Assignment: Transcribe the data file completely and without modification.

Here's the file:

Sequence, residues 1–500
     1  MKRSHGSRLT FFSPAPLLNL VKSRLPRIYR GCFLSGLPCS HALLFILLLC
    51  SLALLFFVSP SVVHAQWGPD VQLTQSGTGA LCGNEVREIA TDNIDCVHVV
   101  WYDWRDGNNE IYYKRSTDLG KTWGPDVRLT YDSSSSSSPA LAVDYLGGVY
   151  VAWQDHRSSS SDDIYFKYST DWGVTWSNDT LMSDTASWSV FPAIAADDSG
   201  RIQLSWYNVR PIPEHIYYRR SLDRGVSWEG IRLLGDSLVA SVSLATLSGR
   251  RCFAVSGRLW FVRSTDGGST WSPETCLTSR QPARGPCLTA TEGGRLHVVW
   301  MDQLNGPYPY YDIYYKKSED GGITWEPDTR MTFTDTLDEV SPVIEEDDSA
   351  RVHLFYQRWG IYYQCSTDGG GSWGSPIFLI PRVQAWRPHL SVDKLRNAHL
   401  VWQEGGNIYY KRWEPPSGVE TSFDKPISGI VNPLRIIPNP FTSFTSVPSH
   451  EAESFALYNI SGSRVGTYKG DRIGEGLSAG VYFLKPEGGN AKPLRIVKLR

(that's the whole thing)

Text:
Sequence, residues 1–500
     1  MKRSHGSRLT FFSPAPLLNL VKSRLPRIYR GCFLSGLPCS HALLFILLLC
    51  SLALLFFVSP SVVHAQWGPD VQLTQSGTGA LCGNEVREIA TDNIDCVHVV
   101  WYDWRDGNNE IYYKRSTDLG KTWGPDVRLT YDSSSSSSPA LAVDYLGGVY
   151  VAWQDHRSSS SDDIYFKYST DWGVTWSNDT LMSDTASWSV FPAIAADDSG
   201  RIQLSWYNVR PIPEHIYYRR SLDRGVSWEG IRLLGDSLVA SVSLATLSGR
   251  RCFAVSGRLW FVRSTDGGST WSPETCLTSR QPARGPCLTA TEGGRLHVVW
   301  MDQLNGPYPY YDIYYKKSED GGITWEPDTR MTFTDTLDEV SPVIEEDDSA
   351  RVHLFYQRWG IYYQCSTDGG GSWGSPIFLI PRVQAWRPHL SVDKLRNAHL
   401  VWQEGGNIYY KRWEPPSGVE TSFDKPISGI VNPLRIIPNP FTSFTSVPSH
   451  EAESFALYNI SGSRVGTYKG DRIGEGLSAG VYFLKPEGGN AKPLRIVKLR